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The cost of light, sweet crude oil, used to produce gasoline and other key products, hit $118.05 in early trading in New York.
The jump in prices came after a Royal Dutch Shell PLC joint venture in Nigeria said Monday it would likely have to cut crude deliveries some 169,000 barrels a day in April and May because militants sabotaged a pipeline last week in the country’s restive south.
The Movement for the Emancipation of the Niger Delta (MEND) militant group claimed responsibility for the attack on the Bonny terminal in an email on Monday, saying it was aimed at “crippling Nigeria’s oil export industry.”
Shell spokesman Precious Okolobo told the AFP efforts were being made to “assess the extent of damage to the pipelines with a view to fixing them.”
Analysts said the news from Nigeria was particularly important due to the fact Shell is a major supplier of oil for refining into gasoline and other key products.
“The disruption in Nigeria with Royal Dutch Shell is serious,” Victor Shum, an energy analyst with Purvin & Gertz in Singapore, told the Associated Press.
“It is light, sweet crude, which is much desired by the U.S. market during the summer gasoline season, so that certainly has affected the market,” Shum said.
Jittery investors also drove the price of oil up after pirates reportedly fired rockets at a Japanese oil tanker.
Even before the latest supply concerns, prices at the pump were setting new records. According to the AAA auto club and the Oil Price Information Service, prices for diesel reached $4.20 a gallon this week. Those new highs would likely impact prices on other goods, and the cost for truck transportation will increase to deal with the new diesel costs.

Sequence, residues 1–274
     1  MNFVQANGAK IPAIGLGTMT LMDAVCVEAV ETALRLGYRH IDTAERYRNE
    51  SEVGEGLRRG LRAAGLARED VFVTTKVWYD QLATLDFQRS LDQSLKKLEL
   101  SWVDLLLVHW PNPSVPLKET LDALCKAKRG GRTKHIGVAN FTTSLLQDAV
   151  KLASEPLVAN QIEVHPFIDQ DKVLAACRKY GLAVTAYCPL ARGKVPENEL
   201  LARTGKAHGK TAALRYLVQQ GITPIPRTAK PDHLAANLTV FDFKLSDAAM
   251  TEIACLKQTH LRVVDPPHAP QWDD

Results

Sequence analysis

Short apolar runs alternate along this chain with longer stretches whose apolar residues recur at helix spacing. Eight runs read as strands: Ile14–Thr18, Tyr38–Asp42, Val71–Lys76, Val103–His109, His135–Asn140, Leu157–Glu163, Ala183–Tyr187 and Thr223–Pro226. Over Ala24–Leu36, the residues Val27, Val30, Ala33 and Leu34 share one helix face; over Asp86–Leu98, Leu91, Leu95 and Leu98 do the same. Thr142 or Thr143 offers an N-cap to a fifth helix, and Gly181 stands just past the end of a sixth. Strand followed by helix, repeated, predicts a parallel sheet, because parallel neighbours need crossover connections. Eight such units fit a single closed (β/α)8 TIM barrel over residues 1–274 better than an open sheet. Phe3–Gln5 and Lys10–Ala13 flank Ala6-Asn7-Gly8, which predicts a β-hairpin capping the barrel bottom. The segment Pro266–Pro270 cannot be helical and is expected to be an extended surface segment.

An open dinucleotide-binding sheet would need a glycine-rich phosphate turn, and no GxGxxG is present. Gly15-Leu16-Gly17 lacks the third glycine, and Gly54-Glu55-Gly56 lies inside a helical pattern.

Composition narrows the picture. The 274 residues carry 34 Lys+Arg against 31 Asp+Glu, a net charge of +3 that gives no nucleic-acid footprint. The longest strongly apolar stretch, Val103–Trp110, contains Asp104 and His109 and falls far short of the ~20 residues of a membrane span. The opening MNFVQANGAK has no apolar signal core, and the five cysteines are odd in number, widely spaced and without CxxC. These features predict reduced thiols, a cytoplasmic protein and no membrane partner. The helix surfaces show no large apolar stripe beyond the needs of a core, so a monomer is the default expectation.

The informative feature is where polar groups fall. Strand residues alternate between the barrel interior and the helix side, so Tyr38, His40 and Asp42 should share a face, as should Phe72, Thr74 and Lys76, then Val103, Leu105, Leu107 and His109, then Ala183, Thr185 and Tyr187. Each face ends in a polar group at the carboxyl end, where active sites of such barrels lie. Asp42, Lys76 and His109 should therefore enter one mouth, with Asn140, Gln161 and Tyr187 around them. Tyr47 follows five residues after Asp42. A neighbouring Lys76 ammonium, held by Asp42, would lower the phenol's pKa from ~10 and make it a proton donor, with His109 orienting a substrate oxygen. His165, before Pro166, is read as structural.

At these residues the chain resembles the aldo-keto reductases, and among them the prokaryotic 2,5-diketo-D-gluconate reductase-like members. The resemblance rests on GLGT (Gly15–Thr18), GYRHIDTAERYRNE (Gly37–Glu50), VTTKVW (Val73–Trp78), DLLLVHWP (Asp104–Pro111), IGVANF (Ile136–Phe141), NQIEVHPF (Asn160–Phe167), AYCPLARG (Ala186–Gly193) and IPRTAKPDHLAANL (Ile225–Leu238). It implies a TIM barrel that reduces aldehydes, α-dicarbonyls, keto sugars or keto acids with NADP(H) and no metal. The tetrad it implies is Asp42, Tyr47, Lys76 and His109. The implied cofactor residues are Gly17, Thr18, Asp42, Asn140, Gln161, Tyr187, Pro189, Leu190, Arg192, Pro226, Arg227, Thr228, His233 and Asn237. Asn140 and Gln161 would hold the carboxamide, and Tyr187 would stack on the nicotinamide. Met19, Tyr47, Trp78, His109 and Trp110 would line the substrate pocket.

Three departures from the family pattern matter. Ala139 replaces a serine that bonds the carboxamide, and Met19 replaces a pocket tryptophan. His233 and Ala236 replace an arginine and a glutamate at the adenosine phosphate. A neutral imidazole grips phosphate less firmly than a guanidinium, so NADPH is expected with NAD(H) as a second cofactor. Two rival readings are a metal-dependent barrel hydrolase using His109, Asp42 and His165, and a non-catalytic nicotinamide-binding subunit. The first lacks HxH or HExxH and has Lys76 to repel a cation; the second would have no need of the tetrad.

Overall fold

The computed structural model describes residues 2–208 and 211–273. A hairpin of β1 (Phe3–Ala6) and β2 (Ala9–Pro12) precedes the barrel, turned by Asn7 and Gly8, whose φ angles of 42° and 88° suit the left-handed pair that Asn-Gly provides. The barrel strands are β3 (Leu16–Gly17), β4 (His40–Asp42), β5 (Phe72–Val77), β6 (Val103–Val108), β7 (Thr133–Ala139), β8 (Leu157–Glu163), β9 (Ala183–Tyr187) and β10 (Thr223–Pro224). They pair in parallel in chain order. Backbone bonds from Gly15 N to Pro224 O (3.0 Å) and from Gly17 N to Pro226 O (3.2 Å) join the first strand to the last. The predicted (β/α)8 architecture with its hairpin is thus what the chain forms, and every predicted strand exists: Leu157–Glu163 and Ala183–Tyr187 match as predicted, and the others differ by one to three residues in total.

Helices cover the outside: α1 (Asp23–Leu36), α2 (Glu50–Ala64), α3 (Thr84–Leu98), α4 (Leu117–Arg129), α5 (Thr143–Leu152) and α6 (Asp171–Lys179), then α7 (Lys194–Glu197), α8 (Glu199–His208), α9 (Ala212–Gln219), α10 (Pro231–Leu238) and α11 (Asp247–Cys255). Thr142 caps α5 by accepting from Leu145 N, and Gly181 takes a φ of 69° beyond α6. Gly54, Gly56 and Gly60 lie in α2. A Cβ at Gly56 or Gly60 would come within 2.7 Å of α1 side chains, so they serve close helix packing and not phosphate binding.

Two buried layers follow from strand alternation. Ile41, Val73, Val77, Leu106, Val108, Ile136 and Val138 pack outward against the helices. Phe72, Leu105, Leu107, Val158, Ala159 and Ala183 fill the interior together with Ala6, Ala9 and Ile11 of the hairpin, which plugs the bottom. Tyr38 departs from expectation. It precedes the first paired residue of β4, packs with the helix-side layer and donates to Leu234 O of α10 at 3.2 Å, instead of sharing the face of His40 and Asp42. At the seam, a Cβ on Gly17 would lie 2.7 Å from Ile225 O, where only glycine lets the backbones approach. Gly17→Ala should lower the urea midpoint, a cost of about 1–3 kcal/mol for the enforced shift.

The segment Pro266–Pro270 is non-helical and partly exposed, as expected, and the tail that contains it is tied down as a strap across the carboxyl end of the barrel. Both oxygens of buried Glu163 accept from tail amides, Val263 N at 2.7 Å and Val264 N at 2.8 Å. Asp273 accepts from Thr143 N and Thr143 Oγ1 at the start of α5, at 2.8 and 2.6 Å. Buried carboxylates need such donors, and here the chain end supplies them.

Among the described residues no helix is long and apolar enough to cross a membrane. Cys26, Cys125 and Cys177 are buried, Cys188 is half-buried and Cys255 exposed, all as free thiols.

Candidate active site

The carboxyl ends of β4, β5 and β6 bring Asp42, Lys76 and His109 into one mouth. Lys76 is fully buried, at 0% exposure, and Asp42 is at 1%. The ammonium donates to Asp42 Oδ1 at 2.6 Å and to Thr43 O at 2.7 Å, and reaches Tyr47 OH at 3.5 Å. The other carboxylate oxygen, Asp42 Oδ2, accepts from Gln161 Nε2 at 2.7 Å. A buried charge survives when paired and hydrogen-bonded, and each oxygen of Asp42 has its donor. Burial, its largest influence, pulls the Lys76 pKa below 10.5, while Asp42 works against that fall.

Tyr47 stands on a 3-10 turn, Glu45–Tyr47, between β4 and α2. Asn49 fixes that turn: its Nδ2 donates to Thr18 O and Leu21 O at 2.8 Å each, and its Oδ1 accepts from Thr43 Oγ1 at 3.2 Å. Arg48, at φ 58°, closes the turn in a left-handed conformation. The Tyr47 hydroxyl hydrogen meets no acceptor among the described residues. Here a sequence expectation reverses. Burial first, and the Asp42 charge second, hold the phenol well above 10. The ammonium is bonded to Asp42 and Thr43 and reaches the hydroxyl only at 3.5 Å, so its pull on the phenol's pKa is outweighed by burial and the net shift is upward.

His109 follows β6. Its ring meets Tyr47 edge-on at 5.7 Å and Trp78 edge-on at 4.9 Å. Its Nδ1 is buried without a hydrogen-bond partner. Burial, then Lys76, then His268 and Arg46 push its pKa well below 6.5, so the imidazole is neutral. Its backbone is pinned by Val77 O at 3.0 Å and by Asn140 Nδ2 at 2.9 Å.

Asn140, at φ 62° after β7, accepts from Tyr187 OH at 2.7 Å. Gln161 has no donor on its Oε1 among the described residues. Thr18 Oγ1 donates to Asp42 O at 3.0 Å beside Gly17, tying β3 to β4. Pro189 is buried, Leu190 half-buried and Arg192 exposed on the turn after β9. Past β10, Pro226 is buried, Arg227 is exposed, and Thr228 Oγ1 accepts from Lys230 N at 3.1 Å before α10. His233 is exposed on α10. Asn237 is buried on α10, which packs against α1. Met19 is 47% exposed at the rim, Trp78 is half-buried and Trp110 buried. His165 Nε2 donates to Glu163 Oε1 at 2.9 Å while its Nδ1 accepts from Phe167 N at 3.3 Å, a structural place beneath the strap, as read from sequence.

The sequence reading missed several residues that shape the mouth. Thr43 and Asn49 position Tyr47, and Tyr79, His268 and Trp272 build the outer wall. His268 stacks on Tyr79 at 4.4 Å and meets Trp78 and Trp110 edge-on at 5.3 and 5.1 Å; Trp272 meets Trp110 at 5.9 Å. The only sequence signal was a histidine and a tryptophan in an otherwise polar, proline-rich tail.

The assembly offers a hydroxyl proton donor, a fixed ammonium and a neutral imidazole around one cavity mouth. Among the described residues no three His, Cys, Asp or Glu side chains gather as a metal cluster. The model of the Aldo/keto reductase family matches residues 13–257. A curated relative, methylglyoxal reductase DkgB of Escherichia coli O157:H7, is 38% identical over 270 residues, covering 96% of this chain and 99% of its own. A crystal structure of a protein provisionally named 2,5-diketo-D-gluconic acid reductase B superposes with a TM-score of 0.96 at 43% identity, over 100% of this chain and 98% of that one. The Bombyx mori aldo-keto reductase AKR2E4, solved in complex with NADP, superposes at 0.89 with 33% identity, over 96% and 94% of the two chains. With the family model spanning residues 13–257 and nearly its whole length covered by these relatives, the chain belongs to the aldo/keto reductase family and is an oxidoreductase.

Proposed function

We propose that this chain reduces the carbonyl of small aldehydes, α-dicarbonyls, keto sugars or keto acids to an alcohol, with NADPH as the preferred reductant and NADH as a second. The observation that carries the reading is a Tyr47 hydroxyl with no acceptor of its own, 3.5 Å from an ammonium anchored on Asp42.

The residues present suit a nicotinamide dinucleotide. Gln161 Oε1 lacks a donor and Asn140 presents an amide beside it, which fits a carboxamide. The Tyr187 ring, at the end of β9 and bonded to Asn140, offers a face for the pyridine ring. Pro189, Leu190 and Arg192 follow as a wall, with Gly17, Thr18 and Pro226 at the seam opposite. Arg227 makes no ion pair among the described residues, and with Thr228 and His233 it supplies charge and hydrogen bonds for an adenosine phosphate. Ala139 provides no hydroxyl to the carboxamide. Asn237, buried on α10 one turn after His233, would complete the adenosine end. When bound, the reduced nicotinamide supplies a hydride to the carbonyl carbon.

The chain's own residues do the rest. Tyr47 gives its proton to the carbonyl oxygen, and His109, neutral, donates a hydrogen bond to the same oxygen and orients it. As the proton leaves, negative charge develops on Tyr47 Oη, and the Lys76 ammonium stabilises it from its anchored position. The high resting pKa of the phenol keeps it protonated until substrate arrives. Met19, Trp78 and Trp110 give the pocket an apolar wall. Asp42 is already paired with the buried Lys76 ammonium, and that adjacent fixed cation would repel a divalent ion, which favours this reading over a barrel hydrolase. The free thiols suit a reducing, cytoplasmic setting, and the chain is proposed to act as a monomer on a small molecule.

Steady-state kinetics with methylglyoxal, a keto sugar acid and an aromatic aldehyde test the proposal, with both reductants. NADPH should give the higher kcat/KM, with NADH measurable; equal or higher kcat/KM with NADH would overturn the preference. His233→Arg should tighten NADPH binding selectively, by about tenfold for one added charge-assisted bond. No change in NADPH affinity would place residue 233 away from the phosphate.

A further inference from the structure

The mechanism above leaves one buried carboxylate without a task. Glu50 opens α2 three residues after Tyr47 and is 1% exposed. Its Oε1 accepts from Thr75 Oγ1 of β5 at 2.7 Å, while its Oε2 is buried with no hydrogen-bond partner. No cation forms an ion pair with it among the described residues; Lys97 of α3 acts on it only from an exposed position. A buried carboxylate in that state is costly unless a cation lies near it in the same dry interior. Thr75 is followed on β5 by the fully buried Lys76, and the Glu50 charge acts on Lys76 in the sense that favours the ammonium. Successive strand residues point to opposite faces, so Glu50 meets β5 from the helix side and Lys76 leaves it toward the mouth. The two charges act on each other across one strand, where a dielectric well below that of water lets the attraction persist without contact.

American officials said they did not expect the situation to change.
“Oil prices are clearly too high. We are not happy with the prices or the direction they’re going in,” U.S. Acting Deputy Secretary of Energy Jeffrey Kupfer told a news conference on Tuesday, according to Reuters.
Some analysts have said the increasing price was due to the continued weakness of the American dollar compared to other currencies, but Kupfer said the problem had more to do with the continued tightness of the market and the more basic issue of supply keeping up with demand.
“Fundamentals are tight right now … Our message is take a look at fundamentals,” he said on the sidelines of the International Energy Forum in Rome, which brings together producers and consumers.
Oil consumers got little good news from the consortium of oil producing nations, OPEC over the weekend. Abdalla Salem el-Badri, secretary-general of OPEC, said on Sunday that oil prices would likely go higher, but that he doubted there was a need to raise output.
“Oil prices – there is a common understanding that has nothing to do with supply and demand,” el-Badri said, according to the British newspaper the Telegraph.
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